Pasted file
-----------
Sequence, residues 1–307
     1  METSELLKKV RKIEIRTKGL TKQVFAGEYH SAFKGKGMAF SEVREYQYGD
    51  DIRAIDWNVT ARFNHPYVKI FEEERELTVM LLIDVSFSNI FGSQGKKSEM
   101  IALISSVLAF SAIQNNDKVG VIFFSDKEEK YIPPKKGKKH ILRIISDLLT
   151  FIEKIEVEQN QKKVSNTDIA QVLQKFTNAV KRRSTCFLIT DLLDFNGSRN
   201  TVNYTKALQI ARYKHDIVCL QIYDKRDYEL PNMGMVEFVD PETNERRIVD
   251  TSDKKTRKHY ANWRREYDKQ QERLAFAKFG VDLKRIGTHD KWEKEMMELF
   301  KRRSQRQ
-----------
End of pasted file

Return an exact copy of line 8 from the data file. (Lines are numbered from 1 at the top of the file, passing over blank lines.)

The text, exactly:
   301  KRRSQRQ